SAME DNA DIFFERENT SEXUALITY
These identical twins share the same genes and upbringing, but one of them is straight and the other gay. They’re taking part in a new study that aims to help us understand what makes us who we are – and why we fall for who we do
With mirror-image mannerisms and matching DNA, identical twins capture something in our imaginations. They are mysterious – how many times have you asked a set of twins if they can feel each other’s pain or read one another’s thoughts? – possessing an iron-strong bond that non-twins can’t even begin to wrap their heads around. But as so much is said about twins’ ‘sameness’, what happens when they differ in one fundamental aspect of their lives: their sexuality?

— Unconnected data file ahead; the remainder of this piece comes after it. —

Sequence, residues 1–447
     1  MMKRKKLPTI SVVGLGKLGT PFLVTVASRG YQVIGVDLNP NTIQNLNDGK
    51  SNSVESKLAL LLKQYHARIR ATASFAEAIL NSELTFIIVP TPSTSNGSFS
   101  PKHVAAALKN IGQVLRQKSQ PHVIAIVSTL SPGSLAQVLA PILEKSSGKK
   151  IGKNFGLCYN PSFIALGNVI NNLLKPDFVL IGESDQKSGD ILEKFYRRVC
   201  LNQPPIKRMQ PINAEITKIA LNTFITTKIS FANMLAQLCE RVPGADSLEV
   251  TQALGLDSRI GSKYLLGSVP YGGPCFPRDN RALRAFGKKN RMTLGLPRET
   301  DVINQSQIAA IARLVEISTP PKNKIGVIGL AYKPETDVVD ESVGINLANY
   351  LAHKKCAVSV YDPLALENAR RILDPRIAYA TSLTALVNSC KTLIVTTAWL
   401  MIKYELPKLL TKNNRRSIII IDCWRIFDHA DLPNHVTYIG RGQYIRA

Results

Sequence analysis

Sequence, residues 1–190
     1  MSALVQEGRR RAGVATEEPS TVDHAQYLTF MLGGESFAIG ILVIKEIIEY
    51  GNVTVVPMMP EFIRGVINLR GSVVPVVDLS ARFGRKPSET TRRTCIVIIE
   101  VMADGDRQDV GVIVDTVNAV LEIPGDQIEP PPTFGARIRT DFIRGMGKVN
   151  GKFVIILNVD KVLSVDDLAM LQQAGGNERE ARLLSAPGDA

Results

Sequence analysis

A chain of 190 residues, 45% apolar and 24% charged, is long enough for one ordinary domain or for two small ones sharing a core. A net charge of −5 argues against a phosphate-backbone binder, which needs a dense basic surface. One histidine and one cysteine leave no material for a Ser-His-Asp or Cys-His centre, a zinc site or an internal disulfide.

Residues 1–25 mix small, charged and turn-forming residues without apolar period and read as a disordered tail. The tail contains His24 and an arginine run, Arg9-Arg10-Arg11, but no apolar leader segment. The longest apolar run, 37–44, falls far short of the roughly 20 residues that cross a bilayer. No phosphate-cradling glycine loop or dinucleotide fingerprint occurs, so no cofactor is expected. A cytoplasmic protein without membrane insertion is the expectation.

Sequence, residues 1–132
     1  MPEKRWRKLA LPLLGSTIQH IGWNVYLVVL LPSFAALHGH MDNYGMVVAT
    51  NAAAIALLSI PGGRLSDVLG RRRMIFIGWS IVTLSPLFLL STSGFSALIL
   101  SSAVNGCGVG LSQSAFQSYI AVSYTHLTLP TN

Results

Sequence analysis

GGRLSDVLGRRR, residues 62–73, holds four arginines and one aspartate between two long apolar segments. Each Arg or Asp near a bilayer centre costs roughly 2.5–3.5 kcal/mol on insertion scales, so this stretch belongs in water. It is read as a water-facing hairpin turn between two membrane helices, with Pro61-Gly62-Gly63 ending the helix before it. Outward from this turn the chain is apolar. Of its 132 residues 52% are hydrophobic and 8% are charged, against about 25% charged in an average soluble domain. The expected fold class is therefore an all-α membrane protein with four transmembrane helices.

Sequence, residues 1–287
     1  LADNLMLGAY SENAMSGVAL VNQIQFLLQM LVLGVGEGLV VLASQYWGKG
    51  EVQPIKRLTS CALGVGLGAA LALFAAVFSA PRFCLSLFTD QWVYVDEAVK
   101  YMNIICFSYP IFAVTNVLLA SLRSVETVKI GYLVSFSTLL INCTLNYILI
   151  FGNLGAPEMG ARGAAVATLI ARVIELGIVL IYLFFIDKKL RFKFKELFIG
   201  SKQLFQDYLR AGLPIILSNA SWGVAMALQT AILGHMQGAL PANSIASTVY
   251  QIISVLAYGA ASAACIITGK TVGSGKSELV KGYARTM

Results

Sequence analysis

New research carried out by Dr Tuesday Watts and her team of psychologists at the University of Essex seeks to determine how and why, despite having the same upbringing and the same genes, identical twins can identify with different sexual orientations. A part of this work includes looking at images of the twins throughout their lives – to see if test subjects can identify when they began to ‘diverge’ in their masculinity-femininity, with one showing signs of gender nonconformity, which is related to sexual orientation. This study found that these twins started to visibly differ from each other in this respect much later than non-twins.
So could twins actually hold the key to determining the roots of our sexuality, giving us long-searched-for answers about what really makes us who we are? The researchers believe their findings rule out the idea that sexuality is solely the product of genes, because these twins share all the same DNA. They suggest that hormones and epigenetics (the influence of environmental factors on genes) could be important.